Ancient Monuments

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Two bowl barrows 180m south east of Haresdown Barn

A Scheduled Monument in Rodmarton, Gloucestershire

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Latitude: 51.6752 / 51°40'30"N

Longitude: -2.0667 / 2°4'0"W

OS Eastings: 395485.247275

OS Northings: 197381.472773

OS Grid: ST954973

Mapcode National: GBR 2PW.SDG

Mapcode Global: VHB2W.4594

Entry Name: Two bowl barrows 180m south east of Haresdown Barn

Scheduled Date: 19 January 1949

Last Amended: 8 June 1994

Source: Historic England

Source ID: 1008796

English Heritage Legacy ID: 22897

County: Gloucestershire

Civil Parish: Rodmarton

Built-Up Area: Kemble Airfield

Traditional County: Gloucestershire

Lieutenancy Area (Ceremonial County): Gloucestershire

Church of England Parish: Rodmarton St Peter

Church of England Diocese: Gloucester


The monument includes two bowl barrows orientated from north east to
south west and situated on a ridge with panoramic views in an area of the
Cotswold Hills.
The western barrow has a mound composed of small stones; it has a maximum
diameter of 15m and is c.0.25m high. This barrow is likely to have been
partially excavated by J Akerman and J Chubb in 1856. A central burial
containing charcoal, urn fragments, calcined human bones and a splinter of
flint was identified. Later activity at the site is indicated by the presence
of a damaged denarius of Alexander Severus (a Roman coin dating from AD
The eastern barrow was recorded by M Crook in 1925 and has a mound composed
of small stones; this mound is 10m across and c.0.15m high. Both barrows are
surrounded by ditches from which material was quarried during their
construction. These have become infilled over the years, but survive as buried
features c.2m wide.

The site of the monument is shown on the attached map extract.
It includes a 2 metre boundary around the archaeological features,
considered to be essential for the monument's support and preservation.

Source: Historic England

Reasons for Scheduling

Bowl barrows, the most numerous form of round barrow, are funerary monuments
dating from the Late Neolithic period to the Late Bronze Age, with most
examples belonging to the period 2400-1500 BC. They were constructed as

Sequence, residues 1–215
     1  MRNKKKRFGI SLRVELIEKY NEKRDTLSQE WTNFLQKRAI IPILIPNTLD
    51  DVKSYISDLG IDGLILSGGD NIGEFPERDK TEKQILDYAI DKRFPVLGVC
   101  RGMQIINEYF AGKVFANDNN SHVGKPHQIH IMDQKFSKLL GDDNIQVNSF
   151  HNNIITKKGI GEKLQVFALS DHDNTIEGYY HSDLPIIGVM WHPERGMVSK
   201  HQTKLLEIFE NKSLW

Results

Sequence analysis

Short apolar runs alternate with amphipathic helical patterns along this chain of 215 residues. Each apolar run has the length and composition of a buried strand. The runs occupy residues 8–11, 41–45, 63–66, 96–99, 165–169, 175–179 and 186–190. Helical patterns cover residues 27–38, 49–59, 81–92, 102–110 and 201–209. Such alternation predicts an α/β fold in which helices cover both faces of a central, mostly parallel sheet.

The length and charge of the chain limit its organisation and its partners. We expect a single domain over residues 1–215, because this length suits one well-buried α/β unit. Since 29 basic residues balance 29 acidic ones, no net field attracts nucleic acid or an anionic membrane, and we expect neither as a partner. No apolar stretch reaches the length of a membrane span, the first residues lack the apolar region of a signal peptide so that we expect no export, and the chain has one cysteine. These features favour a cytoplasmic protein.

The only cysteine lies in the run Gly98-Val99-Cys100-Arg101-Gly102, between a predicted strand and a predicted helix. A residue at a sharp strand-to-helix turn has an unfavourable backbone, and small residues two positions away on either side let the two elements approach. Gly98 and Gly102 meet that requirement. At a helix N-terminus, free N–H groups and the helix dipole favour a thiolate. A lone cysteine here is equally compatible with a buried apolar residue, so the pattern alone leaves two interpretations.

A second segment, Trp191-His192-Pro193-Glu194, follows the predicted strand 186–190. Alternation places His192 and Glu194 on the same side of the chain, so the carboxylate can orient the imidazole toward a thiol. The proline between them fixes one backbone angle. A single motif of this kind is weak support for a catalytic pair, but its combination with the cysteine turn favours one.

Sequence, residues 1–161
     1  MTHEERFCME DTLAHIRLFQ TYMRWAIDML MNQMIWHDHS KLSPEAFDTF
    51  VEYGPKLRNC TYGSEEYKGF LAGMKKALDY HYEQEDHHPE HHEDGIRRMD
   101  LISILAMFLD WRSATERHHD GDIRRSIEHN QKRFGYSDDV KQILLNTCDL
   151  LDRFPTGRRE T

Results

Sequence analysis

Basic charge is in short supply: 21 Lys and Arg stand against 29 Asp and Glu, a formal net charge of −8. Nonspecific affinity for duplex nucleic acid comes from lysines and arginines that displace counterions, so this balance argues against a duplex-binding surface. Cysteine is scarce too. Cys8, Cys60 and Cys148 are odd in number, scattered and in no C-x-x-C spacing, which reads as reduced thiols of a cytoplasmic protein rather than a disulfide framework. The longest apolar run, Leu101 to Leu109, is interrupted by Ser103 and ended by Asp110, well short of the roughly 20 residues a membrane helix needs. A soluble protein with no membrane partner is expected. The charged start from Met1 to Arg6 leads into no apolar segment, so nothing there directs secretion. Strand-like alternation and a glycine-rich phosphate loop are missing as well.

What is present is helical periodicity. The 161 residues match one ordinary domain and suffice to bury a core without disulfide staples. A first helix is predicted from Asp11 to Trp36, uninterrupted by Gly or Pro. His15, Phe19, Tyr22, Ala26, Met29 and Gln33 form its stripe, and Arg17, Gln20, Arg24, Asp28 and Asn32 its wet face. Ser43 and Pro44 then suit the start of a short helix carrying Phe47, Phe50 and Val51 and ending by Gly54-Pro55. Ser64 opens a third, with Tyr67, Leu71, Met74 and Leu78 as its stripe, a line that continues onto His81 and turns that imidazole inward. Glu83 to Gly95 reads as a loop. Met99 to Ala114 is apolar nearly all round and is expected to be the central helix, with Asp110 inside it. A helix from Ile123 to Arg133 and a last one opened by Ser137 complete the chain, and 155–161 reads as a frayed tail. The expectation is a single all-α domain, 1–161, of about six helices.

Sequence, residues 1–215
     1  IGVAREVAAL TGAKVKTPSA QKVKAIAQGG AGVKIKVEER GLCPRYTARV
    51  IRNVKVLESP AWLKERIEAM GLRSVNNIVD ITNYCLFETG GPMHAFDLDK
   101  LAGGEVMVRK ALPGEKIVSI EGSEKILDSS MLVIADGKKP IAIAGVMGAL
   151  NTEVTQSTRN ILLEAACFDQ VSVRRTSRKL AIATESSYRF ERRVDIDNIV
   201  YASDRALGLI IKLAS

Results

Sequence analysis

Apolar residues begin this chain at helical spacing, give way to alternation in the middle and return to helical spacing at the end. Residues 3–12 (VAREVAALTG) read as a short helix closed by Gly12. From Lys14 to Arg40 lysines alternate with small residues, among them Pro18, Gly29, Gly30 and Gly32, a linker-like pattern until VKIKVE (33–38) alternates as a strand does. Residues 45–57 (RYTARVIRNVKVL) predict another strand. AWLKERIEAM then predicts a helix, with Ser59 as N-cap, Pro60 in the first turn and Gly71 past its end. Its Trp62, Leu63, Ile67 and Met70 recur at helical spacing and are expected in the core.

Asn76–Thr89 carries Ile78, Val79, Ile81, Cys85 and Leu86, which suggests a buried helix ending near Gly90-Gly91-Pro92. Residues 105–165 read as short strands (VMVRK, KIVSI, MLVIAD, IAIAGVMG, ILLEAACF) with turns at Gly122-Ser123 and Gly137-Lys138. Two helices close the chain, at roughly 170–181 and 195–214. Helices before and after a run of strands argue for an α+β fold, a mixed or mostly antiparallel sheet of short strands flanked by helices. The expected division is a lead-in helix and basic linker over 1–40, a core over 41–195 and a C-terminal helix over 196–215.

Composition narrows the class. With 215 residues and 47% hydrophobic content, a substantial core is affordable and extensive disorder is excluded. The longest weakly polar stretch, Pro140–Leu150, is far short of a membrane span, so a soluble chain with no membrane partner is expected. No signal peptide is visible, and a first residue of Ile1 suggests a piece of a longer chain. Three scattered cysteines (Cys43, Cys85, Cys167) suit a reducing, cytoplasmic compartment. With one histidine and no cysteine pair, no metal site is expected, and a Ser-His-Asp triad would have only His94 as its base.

earthen or rubble mounds, sometimes ditched, which covered single or multiple
burials. They occur either in isolation or grouped as cemeteries and often
acted as a focus for burials in later periods. Often superficially similar,
although differing widely in size, they exhibit regional variations in form
and a diversity of burial practices. There are over 10,000 surviving bowl
barrows recorded nationally (many more have already been destroyed), occurring
across most of lowland Britain. Often occupying prominent locations, they are
a major historic element in the modern landscape and their considerable
variation of form and longevity as a monument type provide important
information on the diversity of beliefs and social organisations amongst early
prehistoric communities. They are particularly representative of their period
and a substantial proportion of surviving examples are considered worthy of

The two bowl barrows 180m south east of Haresdown Barn survive comparatively
well and are known from partial excavations to contain archaeological and
environmental evidence relating to the monument and the landscape in which it
was constructed.

Source: Historic England


Books and journals
O`Neil, H E, Grinsell, L V, 'Transactions of the Bristol and Gloucestershire Arch Society' in Gloucestershire Barrows, , Vol. 179, (1959), 128
Details of 1856 excavation,
Details of central burial,
Find of Roman coin,
Mention of observation by M Crooke,

Source: Historic England

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